For a plan adviser THE migraine moment is when
the advisor learns that a plan participant has stolen funds from the employer
and is told to arrange to have the plan withhold the amount stolen from
the participantís benefit payments. What is likely to happen?
1. Private Sector Plans. If the plan were an ERISA plan, the benefits are likely to be immune. Section 206(d) of ERISA provides that ìbenefits provided under the plan may not be assigned or alienated.î And see I.R.C.§ 401(a)(13). There are exceptions for voluntary assignments, federal tax levies, and QDROs. The latest exception, added by the Taxpayer Relief Act of 1997, permits an offset for an amount that a participant must pay the plan on account of a crime or breach of fiduciary duty.
It seems presently clear that the anti-alienation rule bars an entity other than a plan from recovering from the participantís benefits. United States v. Smith, 47 F.3d 681 (4th Cir. 1995) (defendant pled guilty to wire fraud, was sentenced to 21 months imprisonment and ordered to make restitution out of his ERISA plan benefits; held, with one dissent, restitution order vacated in view of ERISA § 206(d)); Guidry v. Sheet Metal Workers, 493 U.S. 365 (1990) (union official pled guilty to embezzling funds from his union and a constructive trust was imposed on his plan benefits in a civil action to repay the union; held, constructive trust violated the ERISA § 206(d) policy of preserving retirement benefits for the participant and his family).
2. Government Plans
(a) Code Requirements. While the anti-alienation rule of § 401(a)(13) is expressly made inapplicable to government plans, most qualified plans, government and otherwise, have had such provisions for many years, well before ERISA made it a condition of tax-qualified status for private sector plans. Basically, I think that these provisions were prompted by interest in (i) avoiding constructive receipt of plan benefits for Federal income tax purposes (prior to ERISA benefits were taxed when ìmade availableî to the participant, rather than when ìpaidî), and (ii) limiting the persons with whom the plan would have to deal.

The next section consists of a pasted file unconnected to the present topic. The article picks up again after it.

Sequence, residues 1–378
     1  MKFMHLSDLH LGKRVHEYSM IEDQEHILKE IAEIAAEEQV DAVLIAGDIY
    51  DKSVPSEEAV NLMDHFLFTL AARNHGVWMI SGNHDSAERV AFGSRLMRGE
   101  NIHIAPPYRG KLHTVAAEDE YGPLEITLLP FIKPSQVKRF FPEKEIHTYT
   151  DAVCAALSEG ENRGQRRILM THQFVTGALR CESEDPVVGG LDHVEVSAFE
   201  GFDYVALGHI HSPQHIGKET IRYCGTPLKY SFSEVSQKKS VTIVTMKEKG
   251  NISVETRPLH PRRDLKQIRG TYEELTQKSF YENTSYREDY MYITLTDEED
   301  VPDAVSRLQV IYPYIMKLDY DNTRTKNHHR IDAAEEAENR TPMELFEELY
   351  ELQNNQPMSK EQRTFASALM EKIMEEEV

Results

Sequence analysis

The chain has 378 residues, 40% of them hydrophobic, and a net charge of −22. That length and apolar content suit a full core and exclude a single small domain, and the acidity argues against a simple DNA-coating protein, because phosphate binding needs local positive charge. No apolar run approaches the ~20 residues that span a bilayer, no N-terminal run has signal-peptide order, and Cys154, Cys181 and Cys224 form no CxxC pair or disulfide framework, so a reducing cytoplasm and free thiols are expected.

Section 401(a)(2) of the Code has required since prior to ERISA that no part of the planís assets may, prior to the satisfaction of all of its liabilities, be ìused for, or diverted to, purposes other than for the exclusive benefit of the employeesî participating in the plan. In Rev. Rul. 56-432, 1956-2 C.B. 284, the IRS ruled that the inclusion in a planís anti-alienation provision of an exception for ìany indebtedness owing to the Companyî did not adversely affect the qualification of the plan. The IRS reasoned that a provision allowing all creditors to attach the benefit would be consistent with the exclusive benefit rule because it would be to the participantís benefit to have his debts reduced. Consequently, the fact that the plan only permitted the employer as creditor to attach the benefit was consistent with the exclusive benefit rule. Rev. Rul. 56-432 was declared obsolete in Rev. Rul. 80-27, 1980-1 C.B. 85 (plan will continue to be qualified if it complies with a court order to pay distributions in pay status to a participantís spouse to meet support or alimony obligations). In GCM 39267 (August 2, 1984) and PLR 84-261-24 (March 30, 1984), the IRS concluded that the qualification of a State government plan would not be adversely affected if the plan paid a portion of the participantís monthly benefit to a trustee in bankruptcy, reasoning that